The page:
But at these meetings any one country can insist that an item should “by reason of its political importance be dealt with by the Committee of Ministers meeting at ministerial level” (Article 2, Rules of Procedure for the meetings of the Ministers’ Deputies).
This means: if no decision is taken at the meeting on 20 May this year, the application can easily be put on ice by a single member state for a whole year.
At the ministerial meeting in Turin, however, forwarding Kosovo’s application to PACE only takes “a two-thirds majority of all the representatives entitled to sit on the Committee” (Article 20 of the statute).
34 of the 46 member states of the Council of Europe have recognised Kosovo’s independence. Others, like Greece, have supported Kosovo joining international institutions even without this.
31 votes are needed in the Committee of Ministers in Turin to send the application to PACE.
The votes are there. The precedents are there. The promises are there. But will it happen?
Did countries like Germany and France mean what they said to Kosovo’s leaders in recent months?
Or will the double standard, which allowed Russia to be a member despite massive human rights violations, but which blocked Kosovo from applying, continue?
In October 2018, the German foreign ministry sent out an internal note to its diplomats arguing that German embassies should push other countries to make concessions which Putin’s Russia had demanded in return for it once again paying its obligatory contributions to the Council of Europe. The risk of Russia ever leaving the Council of Europe, so the position of the German foreign ministry at the time, was “an existential crisis”:
The memo stressed how important it was that Russian citizens kept access to the European Court of Human Rights.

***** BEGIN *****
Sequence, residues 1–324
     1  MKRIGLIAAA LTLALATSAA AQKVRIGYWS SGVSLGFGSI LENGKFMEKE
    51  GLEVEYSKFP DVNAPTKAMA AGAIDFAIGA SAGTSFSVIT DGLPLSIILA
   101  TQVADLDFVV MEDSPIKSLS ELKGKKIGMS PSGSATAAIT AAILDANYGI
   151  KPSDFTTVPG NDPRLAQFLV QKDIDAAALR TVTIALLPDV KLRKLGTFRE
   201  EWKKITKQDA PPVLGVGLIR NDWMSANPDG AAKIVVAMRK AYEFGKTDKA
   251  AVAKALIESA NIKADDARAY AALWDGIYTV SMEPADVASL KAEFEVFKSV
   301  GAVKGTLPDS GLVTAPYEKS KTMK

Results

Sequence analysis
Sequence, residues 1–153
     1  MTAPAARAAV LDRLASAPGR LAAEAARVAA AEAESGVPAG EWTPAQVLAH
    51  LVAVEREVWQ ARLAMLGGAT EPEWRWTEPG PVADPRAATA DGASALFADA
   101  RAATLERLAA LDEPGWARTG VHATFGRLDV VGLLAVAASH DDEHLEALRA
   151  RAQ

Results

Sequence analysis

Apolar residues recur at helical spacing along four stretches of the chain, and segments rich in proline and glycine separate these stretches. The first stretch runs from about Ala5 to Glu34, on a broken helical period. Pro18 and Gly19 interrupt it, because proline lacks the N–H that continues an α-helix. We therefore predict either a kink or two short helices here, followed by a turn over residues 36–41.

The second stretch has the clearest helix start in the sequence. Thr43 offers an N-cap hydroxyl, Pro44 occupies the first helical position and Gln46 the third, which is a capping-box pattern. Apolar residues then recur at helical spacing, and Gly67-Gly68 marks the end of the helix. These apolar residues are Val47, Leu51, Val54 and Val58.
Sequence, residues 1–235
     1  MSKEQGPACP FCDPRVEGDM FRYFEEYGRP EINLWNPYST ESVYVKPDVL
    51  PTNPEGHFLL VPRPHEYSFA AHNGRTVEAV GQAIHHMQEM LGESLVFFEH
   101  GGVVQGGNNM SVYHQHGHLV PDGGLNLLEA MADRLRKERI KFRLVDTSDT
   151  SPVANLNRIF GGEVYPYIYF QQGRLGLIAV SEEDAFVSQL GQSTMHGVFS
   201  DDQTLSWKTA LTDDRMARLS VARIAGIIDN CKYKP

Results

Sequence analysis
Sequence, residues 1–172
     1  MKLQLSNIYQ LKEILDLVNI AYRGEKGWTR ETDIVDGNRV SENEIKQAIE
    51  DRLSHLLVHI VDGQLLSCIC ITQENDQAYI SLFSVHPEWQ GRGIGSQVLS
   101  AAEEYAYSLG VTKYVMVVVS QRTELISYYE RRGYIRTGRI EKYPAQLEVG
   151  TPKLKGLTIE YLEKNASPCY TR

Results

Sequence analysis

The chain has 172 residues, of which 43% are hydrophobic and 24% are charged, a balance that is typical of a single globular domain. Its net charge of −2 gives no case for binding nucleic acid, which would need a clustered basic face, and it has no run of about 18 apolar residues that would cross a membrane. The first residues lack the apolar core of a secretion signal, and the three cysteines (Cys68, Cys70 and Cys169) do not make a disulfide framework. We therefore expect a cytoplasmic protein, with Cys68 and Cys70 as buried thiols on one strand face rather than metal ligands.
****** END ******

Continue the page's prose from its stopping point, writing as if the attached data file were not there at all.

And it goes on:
In the case of Kosovo’s recent application, however, a recent internal German memo sent to members of the Parliamentary Assembly of the Council of Europe (PACE) in April 2022 suggested that formally Kosovo could not even apply for membership; that it would need to be invited based on a consensus of all members; that such a consensus was inconceivable because of Serbian opposition; and that Kosovo should better be offered – in consultation (“Abstimmung”) with Serbia – alternatives to membership.
One alternative, presented in the April memo, is for Kosovo to be admitted as an associate member “like the Saar.”
This is a remarkable comparison.
Between 1950 and 1957, the Saar was a French protectorate. Pro-German parties (like the CDU) were banned from running in elections. It was never a sovereign state. In 1957, the Saar was absorbed into the Federal Republic of Germany as the Saarland. How can the Saar be a model for a sovereign state?
The paradox is that while some German diplomats in Strasbourg have argued in meetings with other diplomats against Kosovo’s application being treated like that of Albania in 1992 and of Serbia in 2000 in recent weeks, the official position of Germany is that it fully supports Kosovo. Which raises the question: who makes German foreign policy?